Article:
George Gendron has spent his professional life at the intersection of innovation and entrepreneurship, media, higher education, and urban economic development. He is the Co-founder and Creative Director of The Solo Project LLC, a research and media venture designed to focus public attention on the burgeoning population of independent professionals and creatives. In partnership with the Knight Foundation, The Solo Project recently published Solo City, a special report designed to launch and frame a national conversation among urban leaders about the profound changes taking place in the new, emerging world of work. Gendron is currently working on a book about the implications of the rise of the indie workforce.
Previously, Gendron was the Managing Director of New Ventures at Mansueto Ventures. Mansueto Ventures is owned by Joe Mansueto, the founder and CEO of Morningstar, and is home to Fast Company and Inc Magazines. The New Ventures Group launched The Build Network, a multi-media platform that serves leaders of mid-sized companies, and provides mission-critical services to large companies and economic-development agencies that serve the middle market.
George Gendron was the Founder and Executive Director of Clark University ‘s Innovation and Entrepreneurship Center, one of the few university-wide entrepreneurship programs in the country designed and built from the ground up for undergraduate students in the liberal arts, performing arts, and social sciences,
Gendron served as the Editor-in-Chief of Inc. Magazine for two decades, guiding the publication from a start-up through its sale to Bertelsmann, the $20 billion German media company. Under his direction, Inc. became the world’s premiere magazine for the founders and CEOs of small- to mid-sized growing businesses as well as the founders of ambitious social ventures.
Under Gendron’s leadership, the magazine developed the Inc 500, a ranking of America’s fastest-growing private companies. The Inc 500 quickly became a brand in its own right, and identified many of the world’s leading entrepreneurial organizations when they were still in their infancy and virtually unknown–companies such as Microsoft, Oracle, Patagonia, Timberland, Domino’s, Intuit, Charles Schwab, and countless others.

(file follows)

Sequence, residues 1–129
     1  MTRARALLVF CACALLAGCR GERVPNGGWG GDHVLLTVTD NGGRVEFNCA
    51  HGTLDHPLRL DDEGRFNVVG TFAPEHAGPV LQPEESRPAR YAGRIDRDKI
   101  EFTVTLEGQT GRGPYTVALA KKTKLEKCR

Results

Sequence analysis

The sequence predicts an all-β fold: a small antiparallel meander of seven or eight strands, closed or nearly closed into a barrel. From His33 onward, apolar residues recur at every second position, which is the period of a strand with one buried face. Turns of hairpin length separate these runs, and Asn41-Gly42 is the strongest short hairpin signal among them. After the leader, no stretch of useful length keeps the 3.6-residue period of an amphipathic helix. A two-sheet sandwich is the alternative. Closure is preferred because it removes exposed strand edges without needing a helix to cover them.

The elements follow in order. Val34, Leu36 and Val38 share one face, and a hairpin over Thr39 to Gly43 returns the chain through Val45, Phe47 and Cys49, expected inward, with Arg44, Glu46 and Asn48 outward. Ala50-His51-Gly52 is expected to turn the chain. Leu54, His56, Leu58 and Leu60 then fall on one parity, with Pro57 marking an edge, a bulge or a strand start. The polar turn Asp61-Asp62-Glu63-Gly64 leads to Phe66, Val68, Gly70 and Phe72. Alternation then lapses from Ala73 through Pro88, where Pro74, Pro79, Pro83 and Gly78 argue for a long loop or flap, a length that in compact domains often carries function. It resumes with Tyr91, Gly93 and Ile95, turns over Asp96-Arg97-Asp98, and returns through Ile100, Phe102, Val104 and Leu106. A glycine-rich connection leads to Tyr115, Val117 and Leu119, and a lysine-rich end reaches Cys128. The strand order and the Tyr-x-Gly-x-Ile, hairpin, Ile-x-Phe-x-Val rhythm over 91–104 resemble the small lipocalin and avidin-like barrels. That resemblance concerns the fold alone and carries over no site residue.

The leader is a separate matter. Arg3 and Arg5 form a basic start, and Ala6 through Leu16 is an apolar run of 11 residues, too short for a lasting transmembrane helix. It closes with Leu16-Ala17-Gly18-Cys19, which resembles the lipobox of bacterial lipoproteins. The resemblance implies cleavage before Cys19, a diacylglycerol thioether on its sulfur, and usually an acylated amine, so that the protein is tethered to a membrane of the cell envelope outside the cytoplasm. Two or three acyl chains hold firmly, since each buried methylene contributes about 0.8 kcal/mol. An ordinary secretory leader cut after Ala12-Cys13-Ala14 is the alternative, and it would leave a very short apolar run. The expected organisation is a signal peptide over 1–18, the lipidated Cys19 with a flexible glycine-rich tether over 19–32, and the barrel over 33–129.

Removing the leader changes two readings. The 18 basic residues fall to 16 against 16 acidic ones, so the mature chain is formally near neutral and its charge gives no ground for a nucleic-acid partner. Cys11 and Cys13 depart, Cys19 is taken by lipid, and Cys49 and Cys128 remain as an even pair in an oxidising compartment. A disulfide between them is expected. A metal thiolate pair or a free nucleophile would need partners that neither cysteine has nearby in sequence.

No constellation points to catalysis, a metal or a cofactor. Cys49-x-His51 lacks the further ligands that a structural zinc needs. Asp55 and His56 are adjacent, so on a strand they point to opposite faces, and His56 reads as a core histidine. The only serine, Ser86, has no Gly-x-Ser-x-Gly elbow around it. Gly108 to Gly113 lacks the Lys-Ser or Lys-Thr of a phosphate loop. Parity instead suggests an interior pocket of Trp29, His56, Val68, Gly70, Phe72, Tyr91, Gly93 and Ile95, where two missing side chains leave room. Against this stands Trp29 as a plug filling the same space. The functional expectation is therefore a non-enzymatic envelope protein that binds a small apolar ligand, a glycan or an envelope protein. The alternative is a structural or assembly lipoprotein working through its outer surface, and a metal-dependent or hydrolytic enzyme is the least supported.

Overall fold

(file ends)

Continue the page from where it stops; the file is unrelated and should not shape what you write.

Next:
Gendron created a joint venture with Ernst & Young that resulted in the national “Entrepreneur of the Year” awards, which focused public attention not only on successful entrepreneurs but also on individuals who have made lasting contributions to improving the environment in which entrepreneurs operate.
In 1997 Gendron created a joint venture with Michael Porter, of the Harvard Business School, to publish the Inner City 100, a ranking of the fastest-growing companies in America’s inner cities. This list has played a major role in focusing public attention on the role of entrepreneurship in creating jobs and wealth in America’s most economically distressed urban areas. Inspired by the Inner City 100, Gordon Brown launched a sister project in the UK., and similar projects are being launched throughout the Middle East and in South Africa.
Gendron co-authored and narrated Inc.’s best-selling video, “How to Really Start Your Own Business,” which won the American Film Institute Award for outstanding business and economic programming. Gendron is a well-known speaker before groups of business leaders in the U.S., Europe, and Asia, and has lectured at many of the country’s leading universities. He has been a frequent commentator on entrepreneurship on television and radio and in print. Appearances include 20/20, 48 Hours, CNBC, CNN, and National Public Radio. He has also been quoted extensively in the Wall Street Journal, the New York Times, and other major publications.
Prior to leaving Inc., Gendron appeared on the annual ranking of “The 100 Most Influential Business Journalists in America” every year since the list was created, and was named one of the ten most influential magazine journalists in the technology arena in 2001 and 2002.
Gendron began his career in publishing as an arts and entertainment editor for Clay Felker’s New York Magazine. At the age of 26, Gendron took over as editor-in-chief of Boston Magazine, where he transformed a failing magazine into one of the top city magazines in the country.
Publications under Gendron’s leadership have been nominated three times for a National Magazine Award (the Pulitzer Prize for magazines), and won numerous magazine awards for editorial excellence, public service, as well as design excellence.